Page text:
It’s Edinburgh in the 80s; a busy night at the cocktail bar, Shakers, with four waitresses – Adele, Carole, Mel, and Nicky running around trying to satisfy all their customers while allowing us a glimpse into their own lives.
Written by John Godber and Jane Thornton, this revised version of the 1980s play is presented by The Edinburgh Graduates Theatre Group. While the original script is based in North England, Hilary Spiers has brought this universal story to Edinburgh, where jokes are just as relevant and stories told could’ve happened today.
Shakers has a good, strong start, immediately diving into the hospitality world of questionable characters, misogynistic men and pretentious couples where martinis are not the only dirty thing on the menu. Nicola Hamilton, Eilidh Smith, Lois Williams, and Rhona O’Donnell have great comical chemistry as they take on different characters, the next more outrageous than the previous. Their unmatched energy is as impressive as the impressions of customers everyone with experience working at a bar would appreciate.
There is a sudden and swift change in direction as Shakers moves from comedy to drama, taking us to darker places meant to move the audience and enable us to relate to the characters. Suddenly, too much is happening as we find out more about the main characters and their private lives, each of them going through a different clichéd issue and experience, making me wish we could just stay at Shakers and dive into the experiences of working at a bar. By the time we reach the end, I’m just as tired as the performers must be, forced to feel emotions I didn’t feel were necessary.
With too many ingredients put together, this cocktail comes out shaken, perhaps, one too many times, the taste of sweet and bitter clashing in my mouth. Even though the show is relevant, it may need to look into the future rather than the past as there are so many more possibilities and stories to truthfully depict bar life – originality begging to be used.
The infamous Sh!t Faced Showtime are back in London with a festive edition, they have taken Dickens’ classic and put a drunken spin on it. The formula is the same as other iterations of the Shi!t Faced shows, one member of the cast has been boozing, and this time it is John Milton who plays Scrooge. Before the show, half a bottle of Jim Beam, some wine, and beer have been consumed in the previous 4 hours. The rest of the cast, try to keep the show on track, also aided by James Murfitt as the compere, Charles Dickens. The … More A PISSEDMAS CAROL – REVIEW – LEICESTER SQUARE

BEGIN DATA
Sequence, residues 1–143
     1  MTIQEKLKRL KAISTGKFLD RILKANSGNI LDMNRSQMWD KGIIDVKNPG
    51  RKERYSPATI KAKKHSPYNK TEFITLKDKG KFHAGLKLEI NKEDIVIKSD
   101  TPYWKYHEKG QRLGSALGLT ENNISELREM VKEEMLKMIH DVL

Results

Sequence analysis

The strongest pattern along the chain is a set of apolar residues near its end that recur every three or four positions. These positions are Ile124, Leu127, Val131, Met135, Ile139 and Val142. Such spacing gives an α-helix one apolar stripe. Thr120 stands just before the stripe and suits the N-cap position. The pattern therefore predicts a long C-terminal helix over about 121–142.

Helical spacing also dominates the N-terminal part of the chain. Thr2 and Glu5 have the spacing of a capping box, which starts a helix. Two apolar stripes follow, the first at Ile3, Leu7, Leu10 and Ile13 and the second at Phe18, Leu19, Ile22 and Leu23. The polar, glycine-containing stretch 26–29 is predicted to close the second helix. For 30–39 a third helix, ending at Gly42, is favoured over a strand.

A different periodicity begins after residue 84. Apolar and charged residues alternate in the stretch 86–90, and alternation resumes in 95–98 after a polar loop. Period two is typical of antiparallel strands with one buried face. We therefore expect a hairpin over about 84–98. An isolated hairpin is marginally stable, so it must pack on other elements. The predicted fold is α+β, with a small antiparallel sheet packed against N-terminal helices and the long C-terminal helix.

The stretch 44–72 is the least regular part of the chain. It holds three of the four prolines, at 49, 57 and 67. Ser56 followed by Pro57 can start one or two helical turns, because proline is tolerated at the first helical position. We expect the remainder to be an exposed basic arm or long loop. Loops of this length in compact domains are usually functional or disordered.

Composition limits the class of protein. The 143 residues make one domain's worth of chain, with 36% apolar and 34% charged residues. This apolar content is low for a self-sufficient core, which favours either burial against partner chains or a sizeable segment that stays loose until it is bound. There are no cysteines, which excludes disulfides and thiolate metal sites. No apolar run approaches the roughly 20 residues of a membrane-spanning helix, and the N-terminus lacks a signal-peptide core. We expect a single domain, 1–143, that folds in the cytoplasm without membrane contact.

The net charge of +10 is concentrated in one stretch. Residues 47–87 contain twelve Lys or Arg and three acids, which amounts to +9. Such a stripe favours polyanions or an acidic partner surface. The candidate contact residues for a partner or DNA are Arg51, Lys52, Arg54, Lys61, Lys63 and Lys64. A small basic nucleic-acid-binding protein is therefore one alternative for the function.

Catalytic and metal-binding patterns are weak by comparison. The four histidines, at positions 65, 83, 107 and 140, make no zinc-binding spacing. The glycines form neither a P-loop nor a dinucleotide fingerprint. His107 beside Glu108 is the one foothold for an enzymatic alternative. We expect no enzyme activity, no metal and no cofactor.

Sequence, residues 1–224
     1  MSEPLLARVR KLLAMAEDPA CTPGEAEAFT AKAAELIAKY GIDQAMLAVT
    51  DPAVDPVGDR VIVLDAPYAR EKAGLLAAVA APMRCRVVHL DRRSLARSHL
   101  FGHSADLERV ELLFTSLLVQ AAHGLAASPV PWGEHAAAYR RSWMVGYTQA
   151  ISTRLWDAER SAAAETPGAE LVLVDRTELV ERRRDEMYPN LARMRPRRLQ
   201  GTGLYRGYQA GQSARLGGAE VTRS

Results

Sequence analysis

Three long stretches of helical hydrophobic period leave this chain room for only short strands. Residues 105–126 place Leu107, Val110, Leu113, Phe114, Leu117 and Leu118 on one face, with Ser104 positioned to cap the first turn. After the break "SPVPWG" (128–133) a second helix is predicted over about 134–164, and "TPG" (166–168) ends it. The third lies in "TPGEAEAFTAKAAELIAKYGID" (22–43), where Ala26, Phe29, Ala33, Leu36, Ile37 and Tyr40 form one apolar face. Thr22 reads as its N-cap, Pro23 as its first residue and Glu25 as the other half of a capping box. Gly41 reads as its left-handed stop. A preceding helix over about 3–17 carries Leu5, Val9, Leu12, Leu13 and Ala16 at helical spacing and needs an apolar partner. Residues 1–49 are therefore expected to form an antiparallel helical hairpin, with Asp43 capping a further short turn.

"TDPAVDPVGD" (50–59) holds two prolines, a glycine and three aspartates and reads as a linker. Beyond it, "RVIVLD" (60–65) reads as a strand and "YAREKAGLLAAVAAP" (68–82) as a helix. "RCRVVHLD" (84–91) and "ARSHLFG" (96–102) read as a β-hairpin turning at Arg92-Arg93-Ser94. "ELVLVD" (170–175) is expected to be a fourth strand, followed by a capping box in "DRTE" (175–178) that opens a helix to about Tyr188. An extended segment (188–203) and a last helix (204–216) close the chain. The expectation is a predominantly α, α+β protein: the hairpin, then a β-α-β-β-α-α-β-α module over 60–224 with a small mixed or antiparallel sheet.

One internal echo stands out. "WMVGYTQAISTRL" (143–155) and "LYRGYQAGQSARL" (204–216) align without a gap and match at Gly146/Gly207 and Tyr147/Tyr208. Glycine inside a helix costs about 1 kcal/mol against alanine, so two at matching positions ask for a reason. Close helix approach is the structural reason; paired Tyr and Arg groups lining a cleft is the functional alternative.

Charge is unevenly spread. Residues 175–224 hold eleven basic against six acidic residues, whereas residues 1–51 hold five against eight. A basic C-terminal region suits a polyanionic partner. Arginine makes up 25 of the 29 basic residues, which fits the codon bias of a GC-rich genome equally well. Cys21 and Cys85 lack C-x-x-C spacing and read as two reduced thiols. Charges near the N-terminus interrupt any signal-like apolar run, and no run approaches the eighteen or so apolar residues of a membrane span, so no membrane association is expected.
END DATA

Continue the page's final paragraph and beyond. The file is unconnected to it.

Spine-tingling yet heart-warming, Mark Gatiss’s retelling of A Christmas Carol truly encapsulates the haunting atmosphere of a Victorian ghost story, balanced out with enough humour so as to capture the festive season. Led by Keith Allen as Scrooge, with Peter Forbes as Marley, this show is perfect for Christmas viewing. The set design by Paul Wills is instantly captivating, containing stacks of metal cabinets towering over the theatre, moveable by the cast to allow space for other central props like doors, beds and tables. In addition to this, the puppetry design by Matthew Forbes is incredibly clever, adding creepy elements to the show such … More A CHRISTMAS CAROL – REVIEW – ALEXANDRA PALACE
The title of this winner of Theatre 503’s 2023 International Playwriting Award by Roxy Cook may seem like the set-up to a joke, but the narrative that unspools is instead an affectionate, gently barbed and at base quite sobering portrait of three ordinary souls (and one restless feline) adrift in modern Moscow. There is much affable, satirical back-and-forth commentary on the accepted myths & stereotypes of the Russian spirit & soul. Beset by the indignities of age, opportunism, graft, fatigue, the characters orbit one another, doomed to play out their roles in an unjust, predatory and saturnine universe. The play opens … More A WOMAN WALKS INTO A BANK – REVIEW – THEATRE503
Peter Pan Goes Wrong first premiered in London at the Pleasance Theatre in 2013, and earlier this year the show made its Broadway debut. Now the production is back in the West End for the Christmas season. Following on from The Play That Goes Wrong, in this production, J.M. Barrie’s Peter Pan is staged by the fictitious Cornley Polytechnic Drama Society and goes awry, disastrously so. The meta-comedy is filled with slapstick comedy, sometimes the humour may be predictable and silly, but it’s universally funny throughout – there is something for everyone here, and the laughs come thick and fast … More PETER PAN GOES WRONG – REVIEW – LYRIC THEATRE
Drawing heavily from the classic canon of the British supernatural, HighTide’s trio of contemporary Gothic narratives uses traditional storytelling formats to address contemporary themes. Directed by Elayce Ismail, reverent musical interludes accompany tales of apparitions and nighttime conjurings that speak of women from the East of England. Unfortunately, the effect is less chilling and more lightweight, with conventional structures, predictable plot twists and an over-reliance on external forces to drive narrative shoring up some of the less relatable aspects of the genre. Nicola Werenowska’s The Beach House, perhaps the cleanest of the three tales, tells of a mother and daughter’s … More GHOST STORIES BY CANDLELIGHT – REVIEW – SAM WANAMAKER PLAYHOUSE